Honoring the Legacy of Dr. Martin Luther King Jr.
“Today, we gather to commemorate the life and work of Dr. Martin Luther King Jr.,” began Headmaster Brennan in Hall on January 19. “We pause to recognize the contributions of this remarkable man and to consider anew the principles of justice, equality, and brotherhood—principles he pursued ardently and about which he spoke eloquently. While the United States today is blessedly different from the United States of Dr. King’s lifetime, racism and bigotry persist, and there continue to be opportunities for all of us to stand up for the values that Dr. King espoused. The prejudices and hatred that Dr. King worked so hard to eradicate remain in too many heads and hearts… As we affirm that Black Lives Matter, we also acknowledge that our work goes ever on—improving our individual relationships and attitudes but working on evaluating systemic racism, as well.”
After Mr. Brennan’s introduction, Aydan Gedeon-Hope (I) read Dr. King’s “Letter from a Birmingham Jail.” Following the reading, Edozie Umunna (I) shared his own reflections on Dr. King’s letter, citing not only the context in which King wrote it—as a response to a letter from eight Alabama clergymen—but also the dynamics at play during King’s lifetime that persist today.
“If there’s anything I took from Dr. King’s letter, it’s this,” said Edozie. “An effective protest will always be labeled divisive by the oppressor. No matter how you protest, no matter when you protest, no matter where you protest, it will always be viewed as invalid by those whose position of power it threatens to dismantle. When your objection comes under criticism, you’re doing something right… Whatever belief you stand for, whatever cause you fight for, do not let criticism be the reason that your voice is silenced.”
Eric Auguste (I) then read a very personal perspective on Bayard Rustin—the civil rights and gay rights leader and activist—which Eric wrote as his Senior Speech, as part of his English class.
“A gay, black man born in the year 1912, Rustin lived his life suffering many hardships, constantly being battered because of his sexuality and the color of his skin,” read Eric. “However, that didn’t prevent Rustin from fulfilling the role of an esteemed Civil Rights Activist from a young age. By the end of this speech, I want every single one of you to understand why Bayard Rustin, in the face of great adversity, was a man of great courage and question why he isn’t as well known as he should be… Consider what it was like for Bayard Rustin 100 years ago. People like Rustin didn’t and still don’t get the luxury of living easy lives because of a trait they can’t change, and yet, he made it his mission to change the way people viewed race and sexuality. The world has taken big steps in the right direction but it’s time to stop letting heroes go unnoticed.”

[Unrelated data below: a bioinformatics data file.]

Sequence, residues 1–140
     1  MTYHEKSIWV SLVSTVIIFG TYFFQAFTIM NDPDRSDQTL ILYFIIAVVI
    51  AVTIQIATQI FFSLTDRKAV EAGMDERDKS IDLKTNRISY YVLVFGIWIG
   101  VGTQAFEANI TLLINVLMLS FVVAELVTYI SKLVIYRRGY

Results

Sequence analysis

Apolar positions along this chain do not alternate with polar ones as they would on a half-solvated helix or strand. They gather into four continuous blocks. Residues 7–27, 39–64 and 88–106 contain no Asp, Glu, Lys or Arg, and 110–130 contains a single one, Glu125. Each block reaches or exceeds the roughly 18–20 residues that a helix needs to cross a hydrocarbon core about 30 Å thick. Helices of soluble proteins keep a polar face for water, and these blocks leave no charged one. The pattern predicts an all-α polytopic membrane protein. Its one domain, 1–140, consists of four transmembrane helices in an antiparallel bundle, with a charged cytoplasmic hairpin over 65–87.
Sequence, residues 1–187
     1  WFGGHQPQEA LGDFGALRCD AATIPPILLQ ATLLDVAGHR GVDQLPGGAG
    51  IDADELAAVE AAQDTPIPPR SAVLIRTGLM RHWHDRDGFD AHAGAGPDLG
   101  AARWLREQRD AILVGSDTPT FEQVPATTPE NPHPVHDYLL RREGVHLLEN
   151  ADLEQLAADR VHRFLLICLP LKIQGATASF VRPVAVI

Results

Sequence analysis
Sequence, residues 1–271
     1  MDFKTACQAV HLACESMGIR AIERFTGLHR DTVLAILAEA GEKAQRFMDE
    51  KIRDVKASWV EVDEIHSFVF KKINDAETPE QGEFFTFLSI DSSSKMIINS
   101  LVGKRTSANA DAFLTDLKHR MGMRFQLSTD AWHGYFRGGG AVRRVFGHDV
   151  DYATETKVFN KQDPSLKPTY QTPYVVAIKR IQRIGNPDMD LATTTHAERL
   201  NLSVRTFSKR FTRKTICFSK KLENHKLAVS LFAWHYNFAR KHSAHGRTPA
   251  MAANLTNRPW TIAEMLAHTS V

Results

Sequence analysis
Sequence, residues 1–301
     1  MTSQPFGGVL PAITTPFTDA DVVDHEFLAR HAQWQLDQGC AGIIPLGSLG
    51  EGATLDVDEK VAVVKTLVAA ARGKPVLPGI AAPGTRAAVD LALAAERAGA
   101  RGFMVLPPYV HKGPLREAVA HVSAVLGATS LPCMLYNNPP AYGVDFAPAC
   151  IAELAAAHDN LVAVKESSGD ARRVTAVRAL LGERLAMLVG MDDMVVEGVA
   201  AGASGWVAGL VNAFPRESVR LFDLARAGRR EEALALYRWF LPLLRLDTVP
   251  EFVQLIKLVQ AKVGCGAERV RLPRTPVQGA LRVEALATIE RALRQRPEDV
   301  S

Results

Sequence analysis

The Hall included time for students, faculty, and staff to learn more about the hymn “Lift Every Voice and Sing”—long considered the Black National Anthem—through CNN’s interactive account of the song’s conception and context. Concluding the Hall was a virtual performance of “Lift Every Voice and Sing” recorded by RL’s Glee Club in spring 2020, which has been viewed more than 30,000 times on Facebook and YouTube.
“While Dr. King as a preacher believed in the power of the spoken word as a way to change people’s minds and hearts,” concluded Mr. Brennan, “he also knew that significant change could only come about through action, civil disobedience, changing institutions, and reaching out to many different kinds of people. He knew the importance of acting on principle when words could only begin to tell the tale. Given the divisiveness and prejudice that openly persist in our country, our vigilance, activism, and principles are consequential; we still have work to do if we want to achieve the social equality envisioned so many years ago by Dr. King. This work is the responsibility of every one of us.”